Host, The

MPAA Rating: PG-13

Entertainment: +2

Content: +3

Saoirse Ronan, Max Irons, Jake Abel, William Hurt. From the novel by Stephenie Meyer (Twilight), with the screenplay written by the filmís director, Andrew Niccol.

FILM SYNOPSIS: An unseen civilization from another world has taken over mankind, using our bodies to live in on Earth. When they enter our beings, the eyes change, and the process threatens to destroy us, everyone becoming robotic rather than joyous over the fact that we no longer have war and pestilence. But some, like Melanie (Saoirse Ronan), have managed to stay alive inside their occupied body. A few humans have escaped and live by their wits, forming Mad Max-like communities determined to survive and win back their planet. Melanie, a determined soul, will risk everything to protect the people she cares most about, proving that love can conquer all in a dangerous new world.

PREVIEW REVIEW: One of the scariest movies I ever saw was Invasion of the Body Snatchers. Kevin McCarthy was perfectly cast as a kind of everyman who discovered people were being replaced by pods/replicants when they slept. (I didnít sleep for days afterward; the film warned us not to.) That motion picture became a metaphor for whatever agenda you sided with, be it political, social, or religious. I think it still relates as evidenced by the changes in our culture. The sentiments of JFK (ďAsk not what your country can do for you. Ask what you can do for your countryĒ) were replaced by a new mantra for many who fell asleep: ďAsk only what the more affluent can do for you.ĒThe Host is not quite as profound. Itís more sci-fi-lite. And in the opening sequences, despite the jarring effect of a person jumping out a window to her near death, the movie moves at a snailís pace.

It's basic premise of a girl struggling to gain dominance inside her now possessed body is presented to the audience by means of an overused, but surprisingly emotionless voice-over. Eventually Melanie convinces Wanderer (Wanda for short) her new ďsoul mate,Ē that itís wrong to take over the body of a human being. These beings from another world are peace-loving, supposedly wouldnít harm a fly, but they have no problem with destroying our wills, our freedom to live, our souls. Their rights trump ours. We donít matter to these beings. (ďCall it what you want, this is murder.Ē) Hmmm, might be a lesson in there someplace.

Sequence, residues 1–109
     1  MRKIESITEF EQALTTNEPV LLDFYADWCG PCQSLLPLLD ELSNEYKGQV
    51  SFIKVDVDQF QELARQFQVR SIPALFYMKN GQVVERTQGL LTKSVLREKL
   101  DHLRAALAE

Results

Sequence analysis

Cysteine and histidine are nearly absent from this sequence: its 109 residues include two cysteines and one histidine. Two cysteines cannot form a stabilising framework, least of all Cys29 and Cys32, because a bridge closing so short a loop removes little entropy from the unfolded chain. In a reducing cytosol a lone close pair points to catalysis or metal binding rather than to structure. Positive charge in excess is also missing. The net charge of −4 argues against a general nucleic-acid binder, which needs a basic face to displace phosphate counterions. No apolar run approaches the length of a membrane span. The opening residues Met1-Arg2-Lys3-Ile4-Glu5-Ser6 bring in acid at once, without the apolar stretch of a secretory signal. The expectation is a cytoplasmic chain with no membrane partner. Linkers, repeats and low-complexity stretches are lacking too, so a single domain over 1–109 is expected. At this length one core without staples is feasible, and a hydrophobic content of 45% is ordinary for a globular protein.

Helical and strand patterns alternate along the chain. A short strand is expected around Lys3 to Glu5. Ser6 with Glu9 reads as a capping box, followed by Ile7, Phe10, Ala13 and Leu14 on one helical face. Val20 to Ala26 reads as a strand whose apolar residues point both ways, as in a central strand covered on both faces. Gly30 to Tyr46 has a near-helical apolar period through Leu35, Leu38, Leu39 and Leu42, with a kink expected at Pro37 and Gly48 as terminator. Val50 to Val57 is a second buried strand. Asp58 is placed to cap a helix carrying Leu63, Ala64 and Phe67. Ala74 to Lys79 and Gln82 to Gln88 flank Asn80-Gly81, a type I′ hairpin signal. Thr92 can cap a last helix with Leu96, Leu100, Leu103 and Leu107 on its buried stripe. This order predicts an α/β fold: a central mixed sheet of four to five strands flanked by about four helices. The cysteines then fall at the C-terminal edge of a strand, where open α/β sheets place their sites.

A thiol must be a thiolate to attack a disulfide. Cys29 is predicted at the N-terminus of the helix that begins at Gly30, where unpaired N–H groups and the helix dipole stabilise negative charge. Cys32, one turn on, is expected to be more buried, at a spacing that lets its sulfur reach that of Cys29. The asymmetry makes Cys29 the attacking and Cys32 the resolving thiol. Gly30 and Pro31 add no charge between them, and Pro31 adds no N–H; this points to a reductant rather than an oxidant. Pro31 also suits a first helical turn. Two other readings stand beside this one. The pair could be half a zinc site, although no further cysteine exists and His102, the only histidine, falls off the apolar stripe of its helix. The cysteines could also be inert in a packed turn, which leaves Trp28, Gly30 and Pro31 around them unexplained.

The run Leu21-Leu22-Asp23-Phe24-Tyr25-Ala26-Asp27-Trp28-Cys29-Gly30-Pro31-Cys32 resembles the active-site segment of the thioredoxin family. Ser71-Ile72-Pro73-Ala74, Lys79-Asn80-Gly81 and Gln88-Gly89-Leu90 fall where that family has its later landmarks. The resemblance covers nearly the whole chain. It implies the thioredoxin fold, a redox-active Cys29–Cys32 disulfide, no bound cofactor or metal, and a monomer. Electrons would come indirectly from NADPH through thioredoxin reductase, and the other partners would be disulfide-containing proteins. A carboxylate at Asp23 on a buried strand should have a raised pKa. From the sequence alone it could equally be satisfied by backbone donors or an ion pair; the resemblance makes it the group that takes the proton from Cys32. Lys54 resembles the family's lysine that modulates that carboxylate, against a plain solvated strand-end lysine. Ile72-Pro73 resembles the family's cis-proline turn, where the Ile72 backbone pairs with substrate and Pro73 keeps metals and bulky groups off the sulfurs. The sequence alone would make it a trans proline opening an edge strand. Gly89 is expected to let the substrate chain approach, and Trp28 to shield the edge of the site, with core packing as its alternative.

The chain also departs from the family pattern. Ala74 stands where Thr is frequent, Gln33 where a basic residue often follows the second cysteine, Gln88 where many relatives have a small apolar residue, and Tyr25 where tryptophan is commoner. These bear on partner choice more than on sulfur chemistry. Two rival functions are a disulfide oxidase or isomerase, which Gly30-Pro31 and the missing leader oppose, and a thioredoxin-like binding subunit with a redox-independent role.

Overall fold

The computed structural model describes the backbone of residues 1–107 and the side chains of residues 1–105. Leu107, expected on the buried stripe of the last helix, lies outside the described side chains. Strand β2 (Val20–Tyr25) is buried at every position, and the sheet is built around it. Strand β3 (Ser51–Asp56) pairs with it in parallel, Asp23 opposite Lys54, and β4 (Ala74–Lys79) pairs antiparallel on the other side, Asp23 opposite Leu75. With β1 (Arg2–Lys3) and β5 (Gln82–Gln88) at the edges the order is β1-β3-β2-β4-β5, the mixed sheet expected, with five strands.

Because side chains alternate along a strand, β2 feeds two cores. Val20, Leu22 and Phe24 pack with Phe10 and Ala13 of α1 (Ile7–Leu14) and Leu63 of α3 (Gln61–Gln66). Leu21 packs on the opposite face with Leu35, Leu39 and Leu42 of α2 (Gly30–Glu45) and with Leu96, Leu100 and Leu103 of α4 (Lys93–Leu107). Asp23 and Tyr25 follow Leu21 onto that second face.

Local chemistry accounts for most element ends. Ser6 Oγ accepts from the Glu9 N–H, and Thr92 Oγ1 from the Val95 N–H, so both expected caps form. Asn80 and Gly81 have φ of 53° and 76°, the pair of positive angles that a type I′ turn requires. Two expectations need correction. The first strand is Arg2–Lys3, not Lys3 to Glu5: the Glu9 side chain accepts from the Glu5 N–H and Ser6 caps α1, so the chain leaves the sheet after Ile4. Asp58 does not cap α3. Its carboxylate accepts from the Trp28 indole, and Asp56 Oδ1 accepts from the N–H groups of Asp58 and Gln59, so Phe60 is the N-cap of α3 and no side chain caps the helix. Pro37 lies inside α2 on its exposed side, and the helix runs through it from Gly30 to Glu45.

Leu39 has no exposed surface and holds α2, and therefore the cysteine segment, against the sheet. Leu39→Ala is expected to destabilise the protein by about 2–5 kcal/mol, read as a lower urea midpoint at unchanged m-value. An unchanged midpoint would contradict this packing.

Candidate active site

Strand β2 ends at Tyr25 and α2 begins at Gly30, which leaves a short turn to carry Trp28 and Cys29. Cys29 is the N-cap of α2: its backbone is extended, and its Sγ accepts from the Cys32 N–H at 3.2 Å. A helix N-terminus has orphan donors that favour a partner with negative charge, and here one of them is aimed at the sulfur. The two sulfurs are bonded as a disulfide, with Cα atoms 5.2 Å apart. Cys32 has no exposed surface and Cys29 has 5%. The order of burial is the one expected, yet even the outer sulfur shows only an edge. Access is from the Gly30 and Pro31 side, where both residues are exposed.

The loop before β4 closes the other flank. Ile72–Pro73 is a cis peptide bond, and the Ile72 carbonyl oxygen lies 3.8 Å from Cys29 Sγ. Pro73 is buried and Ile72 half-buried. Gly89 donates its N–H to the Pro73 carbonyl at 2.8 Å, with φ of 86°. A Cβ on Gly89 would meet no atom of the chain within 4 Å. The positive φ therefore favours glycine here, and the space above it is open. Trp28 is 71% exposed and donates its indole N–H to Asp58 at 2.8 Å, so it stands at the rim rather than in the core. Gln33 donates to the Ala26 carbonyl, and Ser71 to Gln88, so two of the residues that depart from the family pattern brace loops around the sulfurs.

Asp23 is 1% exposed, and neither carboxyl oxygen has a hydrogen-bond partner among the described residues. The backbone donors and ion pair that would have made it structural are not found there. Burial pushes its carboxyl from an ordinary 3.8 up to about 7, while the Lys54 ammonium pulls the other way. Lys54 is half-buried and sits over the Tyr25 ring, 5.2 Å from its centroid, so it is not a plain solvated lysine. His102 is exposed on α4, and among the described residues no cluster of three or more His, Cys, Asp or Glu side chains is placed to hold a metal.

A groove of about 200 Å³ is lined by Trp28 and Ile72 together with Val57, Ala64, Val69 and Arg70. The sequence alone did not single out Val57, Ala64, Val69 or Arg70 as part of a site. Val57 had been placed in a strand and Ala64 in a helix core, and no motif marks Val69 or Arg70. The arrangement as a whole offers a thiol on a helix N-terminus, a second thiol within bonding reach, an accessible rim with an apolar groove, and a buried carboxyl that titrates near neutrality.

But to get the message, one has to be in tune with the lead character and, unfortunately, Ms. Ronan (Atonement, Hanna, The Lovely Bones) fails to interest. Many of her lines are supposed to have an ironic lilt in order to relieve the tension and to bring resonance to her predicament. Ms. Ronan fails to engage. She, like her character(s) seems humorless. Considered by many as a solid thespian, I find the young actress limited. In fact, I find her the least interesting character in the film. And thatís saying something, as there isnít one character with much more than one dimension.

In fairness to the picture, it does come alive, so to speak, once Melanie is found by relatives and brought to a huge cave in a desert mountain. There, like Kristen Stewart in those Twilight movies, she finds not one, but two suitors, as well as the great William Hurt as a grandfatherly character who senses Melanie is still alive inside this now occupied shell.

I think the film is aimed more at a younger demographic (well, what film isnít these days), and likely will be most appreciated by adolescent females who can now replace their crushes on Robert Pattinson and Taylor Lautner with those for Max Irons and Jake Abel.

Glad to let you know there are positive messages in the film, it is entertaining overall, and whatís this? thereís no objectionable language! But, Invasion of the Body Snatchers, it ainít.

Preview Reviewer: Phil Boatwright
Open Road

The following categories contain objective listings of film content which contribute to the subjective numeric Content ratings posted to the left and on the Home page.

Crude Language: None

Obscene Language: None

Profanity: None

Violence: There are a few jolting sequences and violent sequences that stay within the PG-13 premature: shootings, fights, car crashes; a person jumping out a window to her near death; Melanie/Wanda is considered an ďitĒ and often hit by male characters. Some blood when we see the body of a man shot in the head.


Nudity: None

Sexual Dialogue/Gesture: None

Drugs: None

Other: None

Running Time: 125 minutes
Intended Audience: Teens who loved Twilight

Click HERE for a PRINTER-FRIENDLY version of this review.